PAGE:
The reaction in your brain is one in the same when you have a panic attack. The amygdala is activated causing a variety of symptoms that we associate with being in severe danger. When you experienced a panic attack you experience this same response, as if it were real and you had to immediately get out of harm's way.


Once you understand this, you will know how to reverse a panic attack.

RELATED: 4 Signs Your Panic Attacks Aren't Just Standard Anxiety — They're Symptoms Of Agoraphobia

2. Use relaxation techniques.

To extinguish a panic attack, you need to activate a relaxation response. That’s why breathing exercises are effective.

But there are a lot of other techniques that can induce the relaxation response, including: relaxing your muscles, calming your thought processes, resting and in some cases, exercise can harnesses the energy of the panic and eventually deliver a relaxing response.

In an ideal setting, it’s best to learn many different ways to calm your mind/body. It’s rarely a one size-fits all approach. Try many things to see what works best for you.


3. Silence your negative thoughts.

When you have panic attacks, they fuel your negative thoughts, which aggravate your panic attacks. So, if you have negative thoughts, your panic attacks will get worse, rather than get better.

Reducing and eliminating toxic thinking is an effective way to stop panic attacks in your life. There are a lot of techniques that allow you to do that including challenging negative thoughts, installing positive thoughts, and rehearsing positive thoughts and conditioning yourself to be positive among others.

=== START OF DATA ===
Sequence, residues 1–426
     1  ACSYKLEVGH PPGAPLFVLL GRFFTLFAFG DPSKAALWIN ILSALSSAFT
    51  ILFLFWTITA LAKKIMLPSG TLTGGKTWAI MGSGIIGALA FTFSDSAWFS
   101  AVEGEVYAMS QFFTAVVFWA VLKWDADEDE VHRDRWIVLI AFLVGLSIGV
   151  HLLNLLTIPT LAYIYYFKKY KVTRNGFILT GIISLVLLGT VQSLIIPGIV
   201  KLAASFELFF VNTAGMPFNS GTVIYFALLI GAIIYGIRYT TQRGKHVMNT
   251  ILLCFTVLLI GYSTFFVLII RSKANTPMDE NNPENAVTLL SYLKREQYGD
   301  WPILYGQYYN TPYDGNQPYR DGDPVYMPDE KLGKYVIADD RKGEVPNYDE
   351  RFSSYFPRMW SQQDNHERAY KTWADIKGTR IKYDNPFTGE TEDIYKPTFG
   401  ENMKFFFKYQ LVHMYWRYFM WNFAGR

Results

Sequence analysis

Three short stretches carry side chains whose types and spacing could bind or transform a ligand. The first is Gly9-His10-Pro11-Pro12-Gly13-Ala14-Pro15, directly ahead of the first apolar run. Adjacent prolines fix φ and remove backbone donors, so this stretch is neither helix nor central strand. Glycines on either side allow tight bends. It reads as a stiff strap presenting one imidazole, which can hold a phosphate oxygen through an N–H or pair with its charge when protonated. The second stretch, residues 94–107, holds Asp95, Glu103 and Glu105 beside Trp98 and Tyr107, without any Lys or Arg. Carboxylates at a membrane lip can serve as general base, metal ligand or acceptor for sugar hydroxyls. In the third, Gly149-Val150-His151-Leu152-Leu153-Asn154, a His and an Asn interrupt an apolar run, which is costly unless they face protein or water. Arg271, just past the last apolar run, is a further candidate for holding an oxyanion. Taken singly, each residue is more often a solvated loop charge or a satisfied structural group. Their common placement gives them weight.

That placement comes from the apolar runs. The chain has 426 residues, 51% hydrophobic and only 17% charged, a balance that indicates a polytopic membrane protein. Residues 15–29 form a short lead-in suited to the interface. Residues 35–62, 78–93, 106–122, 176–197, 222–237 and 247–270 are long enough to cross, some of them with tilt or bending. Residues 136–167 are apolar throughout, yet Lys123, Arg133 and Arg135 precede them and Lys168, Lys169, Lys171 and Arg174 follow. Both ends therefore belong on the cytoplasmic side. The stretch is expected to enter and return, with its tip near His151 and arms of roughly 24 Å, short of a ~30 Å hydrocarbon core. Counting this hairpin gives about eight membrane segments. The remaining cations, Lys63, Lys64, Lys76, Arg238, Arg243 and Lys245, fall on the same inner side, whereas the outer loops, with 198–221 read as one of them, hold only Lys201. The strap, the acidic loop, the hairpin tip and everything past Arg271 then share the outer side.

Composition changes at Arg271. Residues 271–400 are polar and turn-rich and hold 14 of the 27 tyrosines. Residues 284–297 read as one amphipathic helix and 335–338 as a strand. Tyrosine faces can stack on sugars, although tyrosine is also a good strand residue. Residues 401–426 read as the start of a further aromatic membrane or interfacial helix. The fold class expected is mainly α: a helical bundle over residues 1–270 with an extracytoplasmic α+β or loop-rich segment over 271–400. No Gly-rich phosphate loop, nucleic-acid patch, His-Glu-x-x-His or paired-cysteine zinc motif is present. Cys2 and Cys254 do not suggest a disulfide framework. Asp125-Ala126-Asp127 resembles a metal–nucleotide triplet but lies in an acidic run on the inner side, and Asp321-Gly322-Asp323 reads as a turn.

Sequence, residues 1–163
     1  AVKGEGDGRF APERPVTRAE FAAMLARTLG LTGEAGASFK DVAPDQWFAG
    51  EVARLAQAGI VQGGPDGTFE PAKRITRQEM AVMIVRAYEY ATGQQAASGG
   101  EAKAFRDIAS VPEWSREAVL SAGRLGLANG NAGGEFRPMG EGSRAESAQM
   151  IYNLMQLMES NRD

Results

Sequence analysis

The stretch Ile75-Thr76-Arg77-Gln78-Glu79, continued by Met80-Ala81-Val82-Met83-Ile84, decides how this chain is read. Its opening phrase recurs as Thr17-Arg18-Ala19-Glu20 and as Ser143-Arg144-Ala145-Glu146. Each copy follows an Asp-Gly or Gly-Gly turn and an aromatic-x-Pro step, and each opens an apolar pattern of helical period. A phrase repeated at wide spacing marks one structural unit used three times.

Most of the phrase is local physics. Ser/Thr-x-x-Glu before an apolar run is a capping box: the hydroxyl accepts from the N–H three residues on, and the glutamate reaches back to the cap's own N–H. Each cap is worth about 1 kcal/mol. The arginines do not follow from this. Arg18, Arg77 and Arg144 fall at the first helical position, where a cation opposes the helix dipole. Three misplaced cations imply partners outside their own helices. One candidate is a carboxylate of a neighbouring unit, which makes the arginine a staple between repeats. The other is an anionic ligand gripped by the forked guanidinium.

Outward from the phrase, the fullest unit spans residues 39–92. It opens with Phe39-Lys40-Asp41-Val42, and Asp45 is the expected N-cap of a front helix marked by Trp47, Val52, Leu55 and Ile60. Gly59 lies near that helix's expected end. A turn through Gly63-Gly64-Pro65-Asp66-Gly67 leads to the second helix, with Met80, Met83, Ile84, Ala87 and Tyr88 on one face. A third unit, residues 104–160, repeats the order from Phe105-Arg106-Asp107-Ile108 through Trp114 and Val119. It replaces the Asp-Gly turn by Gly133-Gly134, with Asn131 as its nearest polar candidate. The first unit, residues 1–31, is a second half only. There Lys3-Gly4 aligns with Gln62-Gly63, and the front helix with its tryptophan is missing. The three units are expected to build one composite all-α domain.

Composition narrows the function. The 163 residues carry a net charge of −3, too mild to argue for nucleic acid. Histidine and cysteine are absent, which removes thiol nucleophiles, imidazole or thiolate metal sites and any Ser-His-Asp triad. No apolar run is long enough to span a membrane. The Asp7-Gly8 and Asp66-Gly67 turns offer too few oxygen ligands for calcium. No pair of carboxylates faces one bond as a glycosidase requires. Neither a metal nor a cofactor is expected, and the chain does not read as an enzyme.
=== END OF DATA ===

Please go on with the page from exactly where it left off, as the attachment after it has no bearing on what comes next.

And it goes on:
4. Deal with the panic triggers.

Some people know exactly what can trigger their panic attacks. They can even remember the original incident or what event caused the first panic attack to occur.

To heal the past from causing deeper panic to set in, you need to detoxify your memory of your triggers, especially if a trigger truly isn’t life threatening at all. Reach out of you need help.


5. Set a pace for your life.

Living a life full of anxiety and stress makes you prone to panic attack. If your environment is super stressful, consider how you can change your life so it’s more calm and productive.

By living a life of stress and anxiety, you are truly short-changing yourself. Isn’t it time to stop doing this, and learn to be effective in whatever you are doing? It’s also the path to conquer your panic attacks.

Although panic disorder is a definitive diagnosis, having panic attacks is not a problem you have to deal with forever.

Panic attacks and panic disorder are indicators that something is not quite right in your life. It could be a past psychological trauma that still needs to be healed. 


The big question you need to ask yourself is this: Are the panic attacks you are experiencing an indication of ongoing continuing stressors in your life, or just some past post-traumatic stress? Depending on your answer, you have to do some work to do in order to lead the life you most want to love.

Just know you’re not alone and help can be found by advocating for yourself.

RELATED: How To Stop Panic Attacks Using The EFT Tapping Technique

Dr. Douglas Kong is a retired psychiatrist who specialized in stress management, psychological treatment and self-help.